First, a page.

Circumambulation is the act of moving around a sacred object or idol.
Circumambulation of temples or deity images is an integral part of Hindu and Buddhist devotional practice (known in Sanskrit as pradakśiṇā). In Judaism and Christianity one has the circumambulation of Jericho by the Israelites in the Book of Joshua. The Jewish faith uses circumambulation during Hoshanah Rabbah at the end of the Festival of Sukkot, and a Jewish bride circumambulates the groom during the wedding ceremony. In the Catholic Church, a priest sometimes circumambulates an altar while incensing it with a thurible not for the sake of circumambulation but because one needs to get around the altar to do so - incensing the altar is in the tradition of the priestly rites of Moses and Aaron. At some Catholic shrines it is also a tradition to circumambulate around the cult object of the place, usually relics of a saint or an image of Jesus or the Virgin Mary. Often this is performed three times, as a reference to the Trinity. In Islam, circumambulation is performed around the Kaaba in Mecca, in a counter-clockwise direction.
In many Hindu temples, the temple structure reflects the symbolism of the Hindu association of the spiritual transition from daily life to spiritual perfection as a journey through stages. Ambulatory passageways for circumambulation are present through which worshipers move in a clockwise direction, starting at the sanctuary doorway and moving inward toward the inner sanctum where the deity is enshrined. This is a translation of the spiritual concept of transition through levels in life into bodily movements by the worshipers as they move inwardly through ambulatory halls to the most sacred centre of spiritual energy of the deity. Circumambulation is done in a clockwise direction and in an odd rather than even number of times. Circumbulatory walking around the shrine, by keeping time, is a common form of Hindu prayer. The circumbulary pathway made of stone around the shrine is called the Pradakshina path.
Tawaf (طواف) is one of the Islamic rituals of pilgrimage. During the Hajj and Umrah, Muslims are to circumambulate the Kaaba (most sacred site in Islam) seven times, in a counterclockwise direction. The circling is believed to demonstrate the unity of the believers in the worship of the One God, as they move in harmony together around the Kaaba, while supplicating to Allah.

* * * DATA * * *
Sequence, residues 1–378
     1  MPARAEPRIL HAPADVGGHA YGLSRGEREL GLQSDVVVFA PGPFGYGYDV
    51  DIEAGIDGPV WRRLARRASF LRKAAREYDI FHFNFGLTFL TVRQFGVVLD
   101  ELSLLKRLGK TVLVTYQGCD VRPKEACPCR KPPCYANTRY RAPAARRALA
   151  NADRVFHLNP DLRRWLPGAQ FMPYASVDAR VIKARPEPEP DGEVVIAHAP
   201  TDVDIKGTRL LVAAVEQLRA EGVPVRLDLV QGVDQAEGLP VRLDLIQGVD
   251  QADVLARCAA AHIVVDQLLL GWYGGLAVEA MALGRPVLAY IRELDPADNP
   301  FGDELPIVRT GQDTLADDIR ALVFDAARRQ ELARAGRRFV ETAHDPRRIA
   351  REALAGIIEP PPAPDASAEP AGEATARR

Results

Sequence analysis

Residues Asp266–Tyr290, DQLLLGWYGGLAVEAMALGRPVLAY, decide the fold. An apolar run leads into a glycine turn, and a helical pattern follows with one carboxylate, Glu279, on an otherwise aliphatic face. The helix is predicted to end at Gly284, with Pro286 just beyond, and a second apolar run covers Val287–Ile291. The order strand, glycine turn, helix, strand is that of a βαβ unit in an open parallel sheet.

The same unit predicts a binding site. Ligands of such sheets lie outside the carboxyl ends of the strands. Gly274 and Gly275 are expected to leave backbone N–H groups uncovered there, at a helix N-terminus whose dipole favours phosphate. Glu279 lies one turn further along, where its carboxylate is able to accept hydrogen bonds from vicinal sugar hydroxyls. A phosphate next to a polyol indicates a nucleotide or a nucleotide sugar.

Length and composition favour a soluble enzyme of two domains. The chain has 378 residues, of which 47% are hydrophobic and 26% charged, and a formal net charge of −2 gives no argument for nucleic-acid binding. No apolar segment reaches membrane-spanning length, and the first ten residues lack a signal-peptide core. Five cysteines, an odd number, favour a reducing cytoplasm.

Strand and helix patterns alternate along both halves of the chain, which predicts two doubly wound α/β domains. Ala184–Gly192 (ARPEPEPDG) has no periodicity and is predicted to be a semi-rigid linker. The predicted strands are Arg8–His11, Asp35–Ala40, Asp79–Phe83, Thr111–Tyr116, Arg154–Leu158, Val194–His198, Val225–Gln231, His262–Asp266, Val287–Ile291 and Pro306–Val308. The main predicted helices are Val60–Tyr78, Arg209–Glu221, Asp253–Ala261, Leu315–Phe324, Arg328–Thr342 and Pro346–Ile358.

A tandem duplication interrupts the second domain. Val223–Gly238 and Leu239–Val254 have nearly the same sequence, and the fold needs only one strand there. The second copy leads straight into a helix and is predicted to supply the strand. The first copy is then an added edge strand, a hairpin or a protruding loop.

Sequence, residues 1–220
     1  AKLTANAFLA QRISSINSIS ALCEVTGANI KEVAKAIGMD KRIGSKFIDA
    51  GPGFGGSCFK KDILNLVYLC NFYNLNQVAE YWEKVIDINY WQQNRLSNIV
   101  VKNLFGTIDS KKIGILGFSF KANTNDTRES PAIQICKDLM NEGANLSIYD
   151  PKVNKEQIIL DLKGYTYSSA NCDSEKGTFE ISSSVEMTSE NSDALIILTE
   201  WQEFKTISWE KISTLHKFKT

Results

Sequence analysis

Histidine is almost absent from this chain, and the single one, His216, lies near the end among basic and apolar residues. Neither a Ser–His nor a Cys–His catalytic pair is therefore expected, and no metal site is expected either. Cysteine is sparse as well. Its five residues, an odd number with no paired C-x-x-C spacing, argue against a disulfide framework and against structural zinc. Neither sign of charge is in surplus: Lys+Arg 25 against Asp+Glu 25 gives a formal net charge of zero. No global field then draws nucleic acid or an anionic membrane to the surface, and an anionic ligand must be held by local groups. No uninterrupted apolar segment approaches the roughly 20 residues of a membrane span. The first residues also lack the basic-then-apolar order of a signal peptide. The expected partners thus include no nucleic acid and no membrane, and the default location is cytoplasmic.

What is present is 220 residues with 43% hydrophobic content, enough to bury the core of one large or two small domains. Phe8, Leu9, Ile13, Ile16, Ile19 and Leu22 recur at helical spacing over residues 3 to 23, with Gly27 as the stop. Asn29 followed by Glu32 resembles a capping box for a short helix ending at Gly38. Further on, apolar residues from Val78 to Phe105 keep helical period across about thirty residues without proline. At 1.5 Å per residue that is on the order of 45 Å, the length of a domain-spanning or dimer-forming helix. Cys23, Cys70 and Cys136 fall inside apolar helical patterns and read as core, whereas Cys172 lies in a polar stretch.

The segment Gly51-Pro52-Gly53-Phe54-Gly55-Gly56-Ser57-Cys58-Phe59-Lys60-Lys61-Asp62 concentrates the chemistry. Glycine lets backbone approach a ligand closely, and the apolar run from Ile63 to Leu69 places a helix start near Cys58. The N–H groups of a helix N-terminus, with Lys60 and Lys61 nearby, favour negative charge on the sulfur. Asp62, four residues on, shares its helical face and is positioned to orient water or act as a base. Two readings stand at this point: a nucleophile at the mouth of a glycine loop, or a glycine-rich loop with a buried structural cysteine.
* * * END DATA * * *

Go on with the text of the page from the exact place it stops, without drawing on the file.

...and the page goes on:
Also the Kaaba is the most circumambulated structure in this world. The Kaaba is constantly circumambulated by pilgrims at all times except for the time of prayers, when small birds and angels are said to circumambulate the Kaaba.
In Zen Buddhism kinhin is the walking meditation that is practiced between long periods of the sitting meditation known as zazen. Practitioners walk clockwise around a room while holding their hands in shashu, with one hand closed in a fist, while the other hand grasps or covers the fist. During walking meditation each step is taken after each full breath.
In Levan Pheras which is performed during wedding ceremonies, the four rounds of pheras symbolize the warding off of evil by circumambulating a purifying and transforming object, in this case the holy book, the Granth Shib.
Bahá'ís perform circumambulation of both the Shrines of the Báb and Bahá'u'lláh during their pilgrimage to Haifa and Bahjí, in Israel. While circumambulating, observance of these Manifestations of God is done in complete silence and also performed on holy days such as the birth and ascension of Bahá'u'lláh as well as the birth and martyrdom of the Báb.
The Bönpo in the Northern Hemisphere traditionally circumambulate (generally) in a counter-clockwise or widdershin direction, that is a direction that runs counter to the apparent movement of the Sun.
Candidates for the three principle degrees of Freemasonry circumambulate the altar in the lodge room. This part of the ritual is distinct from many other world rituals in that it is done in a clock-wise fashion. The number of times which candidates ambulate around the altar depends on which degree is being presented.
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- Buddhamind.info: Circumambulation
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